Mergers and Acquisitions

Mergers and Acquisitions

Aug 22, 2014

Every day, I try to put aside some time for combing the internet and reading a variety of industry related articles.  This week an older article from from July of 2012 that former Washington DC fire chief Dennis Rubin reposted called “5 reasons not to merge fire and police” caught my eye.  The article presents arguments against combining police and fire departments.  I read through the article and was able to draw a parallel between this topic and the argument against merging fire and EMS.  Keep in mind that this is in no way a reflection of every single fire-based system on the map.  Some do it very well but for each of those effective, progressive fire based EMS systems, I feel like I have found two who do it very poorly or worse, do not understand or care what they are getting into when they take over ambulance response.   I invite you to read the full article by clicking here  but here are some of the chief’s observations and my thoughts on them.

“There are a multitude of examples where communities have fused the police and fire departments into one public safety agency.  The motivating logic seems to be that neither department is busy enough to command the tax share needed t operate separate agency.

The initial belief is that merging two costly departments into one will create a more efficient department, thereby saving big public bucks.”

EMS and fire are often combined for the exact same reason.  The fire departments are not busy enough so in theory, combining fire and EMS gives them the ability to handle an additional piece of the public safety workload.  The workload that EMS brings in, however, is often ignored or it is not realized to be as involved and time consuming as it is.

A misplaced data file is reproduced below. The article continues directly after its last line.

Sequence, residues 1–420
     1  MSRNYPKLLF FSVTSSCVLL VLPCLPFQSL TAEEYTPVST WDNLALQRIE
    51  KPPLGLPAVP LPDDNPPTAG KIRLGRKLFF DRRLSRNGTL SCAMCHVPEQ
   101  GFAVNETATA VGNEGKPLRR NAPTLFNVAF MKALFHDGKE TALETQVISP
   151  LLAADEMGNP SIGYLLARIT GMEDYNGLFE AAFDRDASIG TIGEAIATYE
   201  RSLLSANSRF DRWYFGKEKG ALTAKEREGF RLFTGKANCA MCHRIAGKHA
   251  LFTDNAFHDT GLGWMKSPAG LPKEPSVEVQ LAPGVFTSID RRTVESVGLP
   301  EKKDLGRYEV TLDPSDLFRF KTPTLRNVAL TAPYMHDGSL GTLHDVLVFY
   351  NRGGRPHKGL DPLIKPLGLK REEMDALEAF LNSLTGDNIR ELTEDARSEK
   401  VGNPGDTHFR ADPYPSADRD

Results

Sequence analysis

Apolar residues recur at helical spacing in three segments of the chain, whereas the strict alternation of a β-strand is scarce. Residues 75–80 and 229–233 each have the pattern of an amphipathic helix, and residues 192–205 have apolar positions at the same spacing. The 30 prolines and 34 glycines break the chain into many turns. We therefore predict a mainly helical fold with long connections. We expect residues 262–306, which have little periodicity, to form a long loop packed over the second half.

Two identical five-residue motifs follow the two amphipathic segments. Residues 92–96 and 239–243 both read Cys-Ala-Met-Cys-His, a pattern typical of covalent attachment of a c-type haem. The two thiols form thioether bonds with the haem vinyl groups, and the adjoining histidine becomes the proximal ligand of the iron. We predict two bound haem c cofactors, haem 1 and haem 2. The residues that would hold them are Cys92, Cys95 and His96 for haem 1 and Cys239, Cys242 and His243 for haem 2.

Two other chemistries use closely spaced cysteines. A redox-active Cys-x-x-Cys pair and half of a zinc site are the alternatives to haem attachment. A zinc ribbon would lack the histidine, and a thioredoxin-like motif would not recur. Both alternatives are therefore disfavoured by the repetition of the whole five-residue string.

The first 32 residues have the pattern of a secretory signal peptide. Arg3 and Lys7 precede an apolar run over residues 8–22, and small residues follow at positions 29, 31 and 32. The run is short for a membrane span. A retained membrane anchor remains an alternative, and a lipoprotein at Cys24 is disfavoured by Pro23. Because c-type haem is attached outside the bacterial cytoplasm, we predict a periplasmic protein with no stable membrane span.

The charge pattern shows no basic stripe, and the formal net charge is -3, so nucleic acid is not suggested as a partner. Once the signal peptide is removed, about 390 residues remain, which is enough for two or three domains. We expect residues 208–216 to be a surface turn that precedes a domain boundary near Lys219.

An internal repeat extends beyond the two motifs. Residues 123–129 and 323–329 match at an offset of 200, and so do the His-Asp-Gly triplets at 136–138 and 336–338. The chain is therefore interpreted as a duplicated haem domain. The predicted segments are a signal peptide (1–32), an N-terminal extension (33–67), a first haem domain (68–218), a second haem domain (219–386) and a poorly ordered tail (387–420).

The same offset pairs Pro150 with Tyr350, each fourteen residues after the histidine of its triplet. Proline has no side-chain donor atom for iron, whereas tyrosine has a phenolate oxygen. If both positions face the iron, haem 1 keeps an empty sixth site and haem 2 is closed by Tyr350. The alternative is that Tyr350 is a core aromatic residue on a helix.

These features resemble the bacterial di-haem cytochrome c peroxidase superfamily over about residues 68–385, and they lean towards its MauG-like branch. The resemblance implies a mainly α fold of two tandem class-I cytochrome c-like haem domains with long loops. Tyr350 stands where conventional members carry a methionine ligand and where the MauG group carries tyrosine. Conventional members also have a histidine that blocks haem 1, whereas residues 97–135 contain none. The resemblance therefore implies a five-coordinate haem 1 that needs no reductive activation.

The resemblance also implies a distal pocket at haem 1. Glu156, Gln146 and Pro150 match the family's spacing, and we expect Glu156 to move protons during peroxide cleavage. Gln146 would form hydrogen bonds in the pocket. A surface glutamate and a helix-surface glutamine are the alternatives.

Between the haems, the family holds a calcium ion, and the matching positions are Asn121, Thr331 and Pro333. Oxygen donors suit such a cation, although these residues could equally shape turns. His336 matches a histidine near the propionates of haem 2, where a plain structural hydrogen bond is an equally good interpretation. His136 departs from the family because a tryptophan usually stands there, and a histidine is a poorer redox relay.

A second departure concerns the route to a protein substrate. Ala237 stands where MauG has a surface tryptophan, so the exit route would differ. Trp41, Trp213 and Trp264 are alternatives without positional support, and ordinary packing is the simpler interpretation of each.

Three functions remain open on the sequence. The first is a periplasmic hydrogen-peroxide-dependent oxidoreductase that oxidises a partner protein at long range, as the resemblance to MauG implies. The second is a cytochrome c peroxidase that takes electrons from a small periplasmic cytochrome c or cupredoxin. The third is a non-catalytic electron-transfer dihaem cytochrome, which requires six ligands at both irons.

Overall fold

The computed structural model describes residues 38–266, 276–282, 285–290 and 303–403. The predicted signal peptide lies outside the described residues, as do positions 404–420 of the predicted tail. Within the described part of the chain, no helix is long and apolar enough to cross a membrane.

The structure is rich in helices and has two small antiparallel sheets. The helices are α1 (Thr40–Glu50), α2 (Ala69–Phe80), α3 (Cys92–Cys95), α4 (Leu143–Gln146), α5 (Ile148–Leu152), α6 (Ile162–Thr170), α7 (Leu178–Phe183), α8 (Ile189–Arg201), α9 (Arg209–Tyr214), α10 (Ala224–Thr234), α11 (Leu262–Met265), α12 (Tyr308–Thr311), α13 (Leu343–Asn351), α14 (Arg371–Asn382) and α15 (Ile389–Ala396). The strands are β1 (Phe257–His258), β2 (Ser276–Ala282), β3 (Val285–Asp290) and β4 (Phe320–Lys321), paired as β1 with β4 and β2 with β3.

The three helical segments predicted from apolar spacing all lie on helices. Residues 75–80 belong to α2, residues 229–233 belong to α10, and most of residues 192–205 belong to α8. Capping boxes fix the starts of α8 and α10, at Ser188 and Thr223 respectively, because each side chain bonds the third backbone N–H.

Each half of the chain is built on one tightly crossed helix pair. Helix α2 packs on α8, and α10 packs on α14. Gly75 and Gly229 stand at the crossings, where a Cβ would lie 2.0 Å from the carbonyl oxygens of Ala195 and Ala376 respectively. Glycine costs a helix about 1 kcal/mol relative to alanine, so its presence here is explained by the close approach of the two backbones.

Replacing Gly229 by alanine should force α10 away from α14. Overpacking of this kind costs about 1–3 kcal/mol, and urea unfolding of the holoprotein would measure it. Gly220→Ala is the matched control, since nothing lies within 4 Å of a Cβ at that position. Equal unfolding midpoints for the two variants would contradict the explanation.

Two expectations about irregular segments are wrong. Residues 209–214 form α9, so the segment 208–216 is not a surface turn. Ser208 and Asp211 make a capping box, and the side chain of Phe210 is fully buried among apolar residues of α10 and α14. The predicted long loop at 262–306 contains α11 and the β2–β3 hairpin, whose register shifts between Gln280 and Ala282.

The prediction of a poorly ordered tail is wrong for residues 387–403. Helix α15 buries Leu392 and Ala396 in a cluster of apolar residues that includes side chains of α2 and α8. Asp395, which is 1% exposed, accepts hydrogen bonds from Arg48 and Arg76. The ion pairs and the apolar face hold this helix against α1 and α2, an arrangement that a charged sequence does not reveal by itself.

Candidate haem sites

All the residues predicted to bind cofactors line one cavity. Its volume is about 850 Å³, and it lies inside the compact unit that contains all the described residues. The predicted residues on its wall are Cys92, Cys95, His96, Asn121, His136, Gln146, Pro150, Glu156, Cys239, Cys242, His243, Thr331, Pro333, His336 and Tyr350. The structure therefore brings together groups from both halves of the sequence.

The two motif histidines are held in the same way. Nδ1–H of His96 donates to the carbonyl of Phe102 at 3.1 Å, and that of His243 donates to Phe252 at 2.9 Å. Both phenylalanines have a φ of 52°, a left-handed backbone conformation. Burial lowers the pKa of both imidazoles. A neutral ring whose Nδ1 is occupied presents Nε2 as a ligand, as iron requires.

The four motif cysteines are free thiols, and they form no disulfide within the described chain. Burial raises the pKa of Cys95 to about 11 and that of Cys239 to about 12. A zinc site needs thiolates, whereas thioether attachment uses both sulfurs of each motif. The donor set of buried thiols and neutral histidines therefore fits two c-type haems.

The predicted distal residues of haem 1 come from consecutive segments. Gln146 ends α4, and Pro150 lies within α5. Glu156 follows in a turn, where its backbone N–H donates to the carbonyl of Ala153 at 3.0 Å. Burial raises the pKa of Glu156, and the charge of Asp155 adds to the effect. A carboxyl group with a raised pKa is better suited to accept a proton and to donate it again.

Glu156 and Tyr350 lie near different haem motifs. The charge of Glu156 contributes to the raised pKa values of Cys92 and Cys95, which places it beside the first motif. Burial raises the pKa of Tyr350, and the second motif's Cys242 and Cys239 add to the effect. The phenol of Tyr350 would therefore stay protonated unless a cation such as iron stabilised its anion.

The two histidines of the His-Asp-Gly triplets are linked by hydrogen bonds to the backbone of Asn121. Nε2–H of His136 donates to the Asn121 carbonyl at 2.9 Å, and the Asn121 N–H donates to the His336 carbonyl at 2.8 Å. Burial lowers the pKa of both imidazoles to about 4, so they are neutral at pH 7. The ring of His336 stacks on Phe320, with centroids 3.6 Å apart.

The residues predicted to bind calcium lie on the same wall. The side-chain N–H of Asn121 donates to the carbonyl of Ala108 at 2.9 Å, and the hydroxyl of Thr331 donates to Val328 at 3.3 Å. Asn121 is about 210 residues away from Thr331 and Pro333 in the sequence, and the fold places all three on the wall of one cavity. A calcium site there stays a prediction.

However, the transition of police duties into the fire and rescue department comes at a steep price that you will not find on a budget line-item spreadsheet.  Intangibles such as organizational stress, personnel, resistance, and demoralization of the rank-and-file members of both departments are the major factors that will ensure this type of plan’s failure.”

Take a close look at any fire and EMS merger and you will see many of the same problems.  When a fire department is made to take over an EMS service, there will be a group of firefighters who have absolutely no desire to have any part of running on an ambulance.  In some departments, it is said that being put “on the box” is looked at as being punishment.  Staff and candidates are sometimes even “forced” to become EMTs or paramedics in order to maintain or obtain employment.  Also, from the EMS side, you have the same issue in that not all EMTs and paramedics want to be firefighters.  Furthermore, their positions are the ones that are eliminated contributing to the thought that making a career out of EMS is a very difficult thing to do.  The low morale that has been noted in departments like the Fire Department of New York’s EMS branch for example shows absorbed EMS personnel being treated as second class citizens.  Other unions either refuse to represent their EMS brothers and sisters or try to have them held to a different standard all in the name of lower wages and different hours for EMTs and paramedics.  For some reason though, it is all tolerated.

“The duties and responsibilities of a modern day firefighter are many and diverse.  The public expects firefighters to provide pre-hospital emergency medical care in a way that positive results are possible.

When not responding to emergency medical alarms, firefighters are expected to be the first line of defense to protect communities against hazardous material releases of all types.